Since high school, I have been an avid gamer. From 2009–2013 I played competitive Call of Duty and was fortunate enough to win 6 online seasons, where as little as 5,000 or as many as 60,000 teams competed over 3 months. Having lived on the east coast for the majority of my life I never considered flying to E3, which is hosted in Los Angeles every year. Despite this, I bought a ticket on the final day and booked a flight for the following week — currently live in San Francisco so it is easier.
Over the last few years, I have attended dozens of conferences and E3 is by far the best one I have attended. Never have I said to myself, “Wow, I cannot wait for a conference next year.” Those of you who are not into gaming are probably thinking, “No, thank you.” Therefore, let me explain why video games exist in the first place.
My parents would tell you that buying me an Xbox growing up was a mistake. It is a waste of time, you don’t spend enough time outside, and you are letting video games consume you. Well, much like anything in life, you need moderation. Here are a few reasons people game:
Video games allow you to enter a world where you live through an in-game character and you have a reset/restart button. Many people find the real world boring, frustrating or stressful. With video games, you are allowed to enter a world where you create what happens and you can become anything you wish to be.
When you live a busy life, are suffering from an illness, or simply need a form of amusement that is not Netflix, playing video games can serve as a way to relieve stress and entertaining. If you fill your time with something that makes you happy, why not do it?
Playing a team-based game such as Call of Duty, Fortnite, or League of Legends, allows you to have an online community and camaraderie between you and your teammates. When I played competitive Call of Duty I had group chats with my team, we scheduled time to play together and communicated frequently — similar to the friends I know in-person.
For those of you unfamiliar with what E3 is, it is the Electronic Entertainment Expo. It is essentially an e-trade show for the video game industry that allows video game developers, publishers, and gaming hardware companies to introduce their new products and innovations to the public. This could be via a press conference, live talk by industry experts, or walking the exhibition floors which hosted 200+ gaming companies.
Only until recently did E3 offer a gaming pass — which is what I purchased and will be sharing my perspective from — which allowed gamers to enter E3 talks and exhibition floors.
Now that we know why video games exist and the reason for 70,000 casual gamers and fanatics attending E3, let’s cover some of the highlights. The three events that stood out to me the most was a panel on how videos games inspired HBO’s Westworld, the Epic Games feature of Fortnite on the exhibit floor, and the overall “Hollywood” production of E3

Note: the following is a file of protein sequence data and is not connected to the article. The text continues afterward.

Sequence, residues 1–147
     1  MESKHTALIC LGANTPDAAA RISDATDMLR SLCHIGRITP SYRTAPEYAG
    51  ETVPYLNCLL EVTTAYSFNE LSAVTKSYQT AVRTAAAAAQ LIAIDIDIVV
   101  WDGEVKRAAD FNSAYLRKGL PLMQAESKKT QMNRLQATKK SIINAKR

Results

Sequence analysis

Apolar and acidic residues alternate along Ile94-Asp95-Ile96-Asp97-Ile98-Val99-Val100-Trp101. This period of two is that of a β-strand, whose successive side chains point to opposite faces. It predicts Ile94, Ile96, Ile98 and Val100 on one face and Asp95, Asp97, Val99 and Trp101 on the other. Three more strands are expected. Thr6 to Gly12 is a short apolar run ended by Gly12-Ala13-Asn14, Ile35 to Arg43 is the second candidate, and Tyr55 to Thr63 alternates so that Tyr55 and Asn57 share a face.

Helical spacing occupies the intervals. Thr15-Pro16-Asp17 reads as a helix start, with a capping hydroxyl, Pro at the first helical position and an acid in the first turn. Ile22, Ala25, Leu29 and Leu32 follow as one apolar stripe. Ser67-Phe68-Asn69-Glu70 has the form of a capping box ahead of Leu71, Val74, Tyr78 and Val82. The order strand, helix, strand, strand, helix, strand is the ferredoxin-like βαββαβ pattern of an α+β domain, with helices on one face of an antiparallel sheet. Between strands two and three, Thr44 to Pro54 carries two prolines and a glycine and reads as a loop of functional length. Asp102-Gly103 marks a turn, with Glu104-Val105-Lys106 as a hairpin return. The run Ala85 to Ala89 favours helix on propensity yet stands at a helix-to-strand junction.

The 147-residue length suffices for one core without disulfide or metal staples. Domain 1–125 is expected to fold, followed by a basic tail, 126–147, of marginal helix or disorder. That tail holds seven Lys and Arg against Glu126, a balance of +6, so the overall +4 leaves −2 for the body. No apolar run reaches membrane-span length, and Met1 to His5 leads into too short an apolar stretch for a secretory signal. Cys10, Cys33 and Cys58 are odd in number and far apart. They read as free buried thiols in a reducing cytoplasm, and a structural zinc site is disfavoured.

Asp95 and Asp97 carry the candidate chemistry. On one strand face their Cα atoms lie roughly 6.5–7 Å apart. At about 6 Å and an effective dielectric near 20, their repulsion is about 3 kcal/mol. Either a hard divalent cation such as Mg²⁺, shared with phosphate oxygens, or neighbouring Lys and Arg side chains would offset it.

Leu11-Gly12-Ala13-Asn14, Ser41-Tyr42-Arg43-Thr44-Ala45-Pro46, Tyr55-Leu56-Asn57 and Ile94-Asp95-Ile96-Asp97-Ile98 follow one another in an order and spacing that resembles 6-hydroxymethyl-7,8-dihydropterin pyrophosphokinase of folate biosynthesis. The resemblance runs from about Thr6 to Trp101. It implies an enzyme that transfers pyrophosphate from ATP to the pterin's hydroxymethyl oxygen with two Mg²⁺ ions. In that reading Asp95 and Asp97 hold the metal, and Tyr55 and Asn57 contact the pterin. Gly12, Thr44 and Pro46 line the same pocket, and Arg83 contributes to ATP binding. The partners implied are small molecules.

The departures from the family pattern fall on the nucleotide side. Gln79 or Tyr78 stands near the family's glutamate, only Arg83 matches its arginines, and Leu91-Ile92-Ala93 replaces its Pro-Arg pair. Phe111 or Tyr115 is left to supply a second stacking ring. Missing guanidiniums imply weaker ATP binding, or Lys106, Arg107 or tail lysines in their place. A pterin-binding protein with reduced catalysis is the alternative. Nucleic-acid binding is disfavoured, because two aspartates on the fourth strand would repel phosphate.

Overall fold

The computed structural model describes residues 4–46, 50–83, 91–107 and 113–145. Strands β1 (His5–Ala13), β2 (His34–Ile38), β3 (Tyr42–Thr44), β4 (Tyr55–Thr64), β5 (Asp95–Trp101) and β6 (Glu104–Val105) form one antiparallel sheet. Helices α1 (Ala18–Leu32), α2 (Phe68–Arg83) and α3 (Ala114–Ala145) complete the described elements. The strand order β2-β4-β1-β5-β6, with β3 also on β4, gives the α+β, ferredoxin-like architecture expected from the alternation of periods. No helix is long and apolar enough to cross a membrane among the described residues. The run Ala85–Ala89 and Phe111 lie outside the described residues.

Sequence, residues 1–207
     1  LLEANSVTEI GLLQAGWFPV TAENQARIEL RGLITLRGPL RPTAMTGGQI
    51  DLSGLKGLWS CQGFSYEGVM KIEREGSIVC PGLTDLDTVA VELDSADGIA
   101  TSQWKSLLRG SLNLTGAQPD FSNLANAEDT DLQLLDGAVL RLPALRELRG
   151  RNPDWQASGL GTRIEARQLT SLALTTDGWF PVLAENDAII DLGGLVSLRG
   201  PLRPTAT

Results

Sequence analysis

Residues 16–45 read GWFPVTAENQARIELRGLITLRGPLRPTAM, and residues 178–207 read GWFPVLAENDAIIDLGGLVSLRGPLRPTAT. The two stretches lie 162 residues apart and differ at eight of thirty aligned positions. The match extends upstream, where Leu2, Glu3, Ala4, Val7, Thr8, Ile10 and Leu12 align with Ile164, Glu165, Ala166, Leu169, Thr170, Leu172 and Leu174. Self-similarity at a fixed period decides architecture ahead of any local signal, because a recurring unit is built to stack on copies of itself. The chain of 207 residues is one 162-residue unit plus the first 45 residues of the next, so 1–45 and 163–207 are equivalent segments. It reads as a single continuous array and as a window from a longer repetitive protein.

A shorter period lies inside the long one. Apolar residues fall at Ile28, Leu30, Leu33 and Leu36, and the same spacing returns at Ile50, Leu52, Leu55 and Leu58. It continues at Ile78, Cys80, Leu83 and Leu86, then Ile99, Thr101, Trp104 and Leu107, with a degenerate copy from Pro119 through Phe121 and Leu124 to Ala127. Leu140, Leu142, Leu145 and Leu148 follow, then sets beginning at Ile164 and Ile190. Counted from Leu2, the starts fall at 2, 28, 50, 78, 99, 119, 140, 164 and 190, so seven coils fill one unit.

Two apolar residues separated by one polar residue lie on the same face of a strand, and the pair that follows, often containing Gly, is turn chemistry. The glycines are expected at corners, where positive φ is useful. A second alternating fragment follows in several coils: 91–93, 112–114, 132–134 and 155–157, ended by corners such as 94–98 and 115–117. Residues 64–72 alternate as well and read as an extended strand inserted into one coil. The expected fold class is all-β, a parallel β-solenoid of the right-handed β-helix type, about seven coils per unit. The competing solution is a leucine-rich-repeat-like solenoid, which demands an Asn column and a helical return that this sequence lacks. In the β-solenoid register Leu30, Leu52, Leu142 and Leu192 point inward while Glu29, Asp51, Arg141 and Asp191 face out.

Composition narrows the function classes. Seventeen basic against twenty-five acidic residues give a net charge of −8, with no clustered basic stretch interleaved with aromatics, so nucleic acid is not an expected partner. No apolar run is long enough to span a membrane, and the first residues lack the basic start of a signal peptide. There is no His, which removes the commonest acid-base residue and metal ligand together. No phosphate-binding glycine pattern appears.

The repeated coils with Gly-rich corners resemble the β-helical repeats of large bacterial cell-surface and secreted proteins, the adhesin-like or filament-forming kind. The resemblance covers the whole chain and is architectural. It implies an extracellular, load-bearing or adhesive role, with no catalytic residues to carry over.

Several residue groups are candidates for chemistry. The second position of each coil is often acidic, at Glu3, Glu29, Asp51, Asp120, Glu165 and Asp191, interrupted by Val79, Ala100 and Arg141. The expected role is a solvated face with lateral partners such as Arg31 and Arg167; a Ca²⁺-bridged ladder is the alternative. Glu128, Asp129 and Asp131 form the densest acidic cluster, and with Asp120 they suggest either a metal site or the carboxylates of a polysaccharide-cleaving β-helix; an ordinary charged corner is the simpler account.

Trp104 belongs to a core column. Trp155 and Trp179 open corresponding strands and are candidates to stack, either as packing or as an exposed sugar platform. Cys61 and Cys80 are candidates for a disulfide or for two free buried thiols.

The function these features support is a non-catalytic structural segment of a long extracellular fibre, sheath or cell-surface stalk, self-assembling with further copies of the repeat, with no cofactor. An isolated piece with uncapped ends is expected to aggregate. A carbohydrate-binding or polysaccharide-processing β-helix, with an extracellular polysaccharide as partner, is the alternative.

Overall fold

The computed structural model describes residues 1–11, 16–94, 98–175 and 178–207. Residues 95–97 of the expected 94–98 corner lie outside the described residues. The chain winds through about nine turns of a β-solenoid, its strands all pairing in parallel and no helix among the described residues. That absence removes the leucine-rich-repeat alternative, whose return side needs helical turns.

Like many of you reading this, I am a massive Westworld fan. Whenever watching I constantly question the difference between those who are conscious and lack emotion. When you dive into the show you start to question your own life and purpose. If you have not watched Westworld, I HIGHLY recommend you do. Since this was a panel with the two creators of Westworld — Lisa Joy and Jonathan Nolan — I will share a few points I found interesting:
Fortnite is a free battle-royale game that made $296m in the month of April despite giving it away for free. 100 players drop from the sky hunger games style, the map gets smaller, and players fight until a winner is crowned. Epic Games is the developer of Fortnite and I spent countless hours taking pictures with their props, videos of me flying and dancing, and playing fortnite.
The first game I played was with 3 random gamers from E3 on Xbox One. We dropped at Anarchy Acres, my 3 teammates instantly died, I killed 3 players and the fourth got me. During game 2 a few of us died in the middle of the game and one survived. He made it to the final 7 and then fell off the map — which I have never actually witnessed. Game 3 was all business. The three people I was paired with were really good and we ended up winning the game and 2500 vbucks. The thrill of winning at E3 left me filled with adrenaline.
All of the major gaming companies — Epic Games, Bethesda, Nintendo, Activision, etc. — had massive layouts on the exhibition floor. Activision had a 2-hour wait to play Call of Duty Black Ops 4 and Nintendo had a 4-hour wait to play Pokemon. The size of the lines were mind-blowing and I was amazed at the ~1-200 ft TV Nintendo used to showcase their new games.
In all the conferences I have been to I have never seen such great effort to attract people to a booth. The floor was mostly for gamers and had exciting staff bouncing around and chatting you up before you play. I would call E3 the Disney World of video games. It was incredible.
Took a small family business from $50k to $1m in revenue in 3 years, have a failed startup under my belt (lot of lessons), winner of the MIT Global Entrepreneurship Bootcamp, Babson College ’17 graduate who lived in eTower (houses top 21 entrepreneurs on campus, alumni have raised $500m), partnered my startup with Microsoft while in school, Kairos and Forbes fellow, and played competitive Call of Duty in high school and led my team to six championships.
Brendan is the Co-Founder and CEO of Shelfie Challenge, a sports fan engagement platform where fans complete challenges at live events and can win prizes. He is also the CTO of Helping Hearts of America, and sits on various startup advisory boards. He has a large area of interests, and, overall, loves helping others and working on social impact projects to build and empower communities around a common cause. Brendan holds a Bachelor of Applied Science in Business with a concentration in Entrepreneurship from Babson College.